On this week in Town’s history: Fans vent their fury towards Roy Keane
Football writer Carl Marston looks back on ‘This week in Town’s history’ from 10 years ago, and finds that the knives are finally out for Roy Keane
For all Roy Keane’s failings, Ipswich Town supporters did not actually begin to turn against their high-profile manager until 18 months into his reign, during this same week from 10 years ago.
Town had actually propelled themselves into the Championship play-off zone the previous weekend, with an impressive 2-1 win at Bramall Lane, to accompany their progression into the quarter-finals of the Carling Cup – such a position is the stuff of dreams for Town fans these days!
Yet a week is a long time in football, and this week back in 2010 was a case in point.
In fact, that’s just how I started my match report for Town’s 3-1 home defeat at the hands of Barnsley, on November 13, 2010, with the familiar phrase – ‘a week can be a very long time in football.’
Troubled Barnsley, flirting with relegation at the other end of the table, were good value for the victory, the pressure lifting off manager Mark Robins’ shoulders and being dumped onto the shoulders of Keane instead.
The Tykes were 3-0 up inside 50 minutes, through goals by Goran Lovre and Garry O’Connor, sandwiching an own goal by keeper Maron Fulop, meaning that Tommy Smith’s 81st minute headed goal from Carlos Edwards’ corner was a mere consolation.
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On the back of Monday’s edition of this newspaper, I asked the question: was this a ‘landmark day, or just another low point in a rollercoaster season?’
Well, with Keane eventually to leave Portman Road less than two months later, I would suggest that it was a ‘landmark day,’ especially as a large section of home fans had vented their anger towards the boss during the defeat to Barnsley.
I always thought that the majority of Town fans showed remarkable restraint in criticising Keane, especially after his torrid first season (2009-10) which yielded no wins from their first 14 league fixtures.
It must be remembered that is was all happening to the backdrop of achieving one goal – promotion to the Premier League – hence the big cash made available to Keane by owner Marcus Evans.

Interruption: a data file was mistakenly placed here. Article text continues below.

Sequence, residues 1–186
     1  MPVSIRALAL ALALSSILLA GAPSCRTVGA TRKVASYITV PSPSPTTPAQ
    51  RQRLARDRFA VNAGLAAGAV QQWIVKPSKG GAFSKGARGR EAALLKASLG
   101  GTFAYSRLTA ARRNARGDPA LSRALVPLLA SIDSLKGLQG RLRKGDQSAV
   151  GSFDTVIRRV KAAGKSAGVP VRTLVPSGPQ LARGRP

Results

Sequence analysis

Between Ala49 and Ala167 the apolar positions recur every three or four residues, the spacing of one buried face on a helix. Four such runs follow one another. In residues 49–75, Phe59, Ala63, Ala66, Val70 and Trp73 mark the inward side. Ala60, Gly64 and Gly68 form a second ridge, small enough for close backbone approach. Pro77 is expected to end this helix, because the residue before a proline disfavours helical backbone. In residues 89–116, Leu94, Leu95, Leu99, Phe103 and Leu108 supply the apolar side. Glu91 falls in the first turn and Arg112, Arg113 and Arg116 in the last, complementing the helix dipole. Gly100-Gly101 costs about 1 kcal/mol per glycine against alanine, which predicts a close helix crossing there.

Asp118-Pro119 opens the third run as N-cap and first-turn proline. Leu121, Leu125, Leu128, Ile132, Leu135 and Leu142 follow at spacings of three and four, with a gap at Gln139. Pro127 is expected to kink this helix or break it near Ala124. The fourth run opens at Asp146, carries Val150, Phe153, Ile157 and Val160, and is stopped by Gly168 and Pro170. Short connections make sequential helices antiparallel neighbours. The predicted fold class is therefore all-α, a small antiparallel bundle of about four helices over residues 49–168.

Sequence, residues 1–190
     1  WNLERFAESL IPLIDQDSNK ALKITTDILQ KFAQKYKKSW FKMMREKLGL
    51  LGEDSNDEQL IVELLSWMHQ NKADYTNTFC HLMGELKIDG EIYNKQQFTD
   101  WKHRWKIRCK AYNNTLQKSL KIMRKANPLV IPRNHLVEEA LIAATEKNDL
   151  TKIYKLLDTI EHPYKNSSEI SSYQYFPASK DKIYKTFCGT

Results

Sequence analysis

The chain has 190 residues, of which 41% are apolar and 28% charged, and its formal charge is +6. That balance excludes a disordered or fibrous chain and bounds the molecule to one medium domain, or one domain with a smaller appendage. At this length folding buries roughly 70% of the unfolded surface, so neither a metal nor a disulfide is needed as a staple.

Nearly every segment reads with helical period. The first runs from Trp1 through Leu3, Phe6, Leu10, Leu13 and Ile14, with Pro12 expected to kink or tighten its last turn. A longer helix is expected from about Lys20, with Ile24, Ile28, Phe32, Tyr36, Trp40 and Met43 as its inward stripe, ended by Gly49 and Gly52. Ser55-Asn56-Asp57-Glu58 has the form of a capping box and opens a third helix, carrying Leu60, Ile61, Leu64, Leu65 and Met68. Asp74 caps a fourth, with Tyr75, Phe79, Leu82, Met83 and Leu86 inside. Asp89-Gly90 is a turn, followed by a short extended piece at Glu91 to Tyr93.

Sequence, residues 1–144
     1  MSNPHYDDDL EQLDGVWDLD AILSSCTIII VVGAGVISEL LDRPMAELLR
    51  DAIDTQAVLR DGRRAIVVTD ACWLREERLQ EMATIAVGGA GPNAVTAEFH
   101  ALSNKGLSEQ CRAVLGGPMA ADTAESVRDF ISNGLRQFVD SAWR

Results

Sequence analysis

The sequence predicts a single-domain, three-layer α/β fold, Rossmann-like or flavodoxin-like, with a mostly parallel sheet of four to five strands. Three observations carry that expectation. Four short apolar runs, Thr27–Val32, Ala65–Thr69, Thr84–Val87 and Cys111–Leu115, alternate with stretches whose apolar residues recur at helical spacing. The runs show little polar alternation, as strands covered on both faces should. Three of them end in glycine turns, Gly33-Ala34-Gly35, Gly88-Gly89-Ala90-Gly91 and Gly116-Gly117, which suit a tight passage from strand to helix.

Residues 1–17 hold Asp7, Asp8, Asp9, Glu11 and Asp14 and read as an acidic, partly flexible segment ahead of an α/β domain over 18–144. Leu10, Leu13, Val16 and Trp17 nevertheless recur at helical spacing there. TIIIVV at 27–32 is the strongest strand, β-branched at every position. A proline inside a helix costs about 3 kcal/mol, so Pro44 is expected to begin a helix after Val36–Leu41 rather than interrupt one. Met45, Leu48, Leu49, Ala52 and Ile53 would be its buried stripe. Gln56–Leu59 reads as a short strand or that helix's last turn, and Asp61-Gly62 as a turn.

The seeds of doubt, already sowed, began to really sprout during that home defeat to Barnsley. The players were booed off at half-time, and again at full-time.
I also recall the angry reaction when striker Tamas Priskin (who let’s be frank had a largely unsuccessful time at Portman Road!) was hauled off by Keane after an hour despite a rare man-of-the-match display.
Priskin’s substitution was greeted by howls of derision from home supporters, a remarkable turn of events seeing as though the Hungarian had proved a big under-achiever since his £1.7million arrival from Watford the previous summer.
There was the familiar footballing chant of – ‘ ‘you don’t know what you’re doing!’ – which echoed around Portman Road following Priskin’s withdrawal.
Furthermore, there was also the bizarre scenario of some home fans, no doubt thoroughly fed up with their team’s woeful display, starting to cheer Barnsley players every time they completed a pass.
You know something is very wrong, when that starts to happen! Water off a duck’s back to Keane, of course, but still not a good sign.
In short, this week, 10 years ago, was when the anti-Keane voices began to be heard.
Naturally, the Irishman still had a lot of supporters on his side, and the pro-Keane camp still had some persuasive arguments:
1 Town were still just two points adrift of the Championship play-offs
2 The likes of Gareth McAuley, David Norris and Grant Leadbitter were all missing for the Barnsley match, all key players during Keane’s tenure
3 Town had a League Cup quarter-final against West Brom to look forward to, and so were just two steps away from a possible Wembley visit
And yet, the anti-Keane camp could reply with:
1 Performances had been uninspiring
2 Progress had been too slow over the last 18 months
3 Money had been spent, and wasted, on ineffective players
As we all now know, Keane’s days were indeed numbered.
His two-year contract was set to expire at the end of the season, but he never survived that long.